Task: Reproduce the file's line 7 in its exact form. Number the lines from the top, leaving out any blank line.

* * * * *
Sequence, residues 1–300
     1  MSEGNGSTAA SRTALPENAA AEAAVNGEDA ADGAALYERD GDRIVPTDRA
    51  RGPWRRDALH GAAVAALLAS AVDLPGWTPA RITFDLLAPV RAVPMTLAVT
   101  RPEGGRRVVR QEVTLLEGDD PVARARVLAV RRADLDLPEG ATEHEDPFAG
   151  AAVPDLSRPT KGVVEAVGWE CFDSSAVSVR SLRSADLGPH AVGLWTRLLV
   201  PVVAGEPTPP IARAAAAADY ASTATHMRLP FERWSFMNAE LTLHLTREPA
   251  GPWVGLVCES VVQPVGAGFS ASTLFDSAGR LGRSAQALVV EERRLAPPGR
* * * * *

   251  GPWVGLVCES VVQPVGAGFS ASTLFDSAGR LGRSAQALVV EERRLAPPGR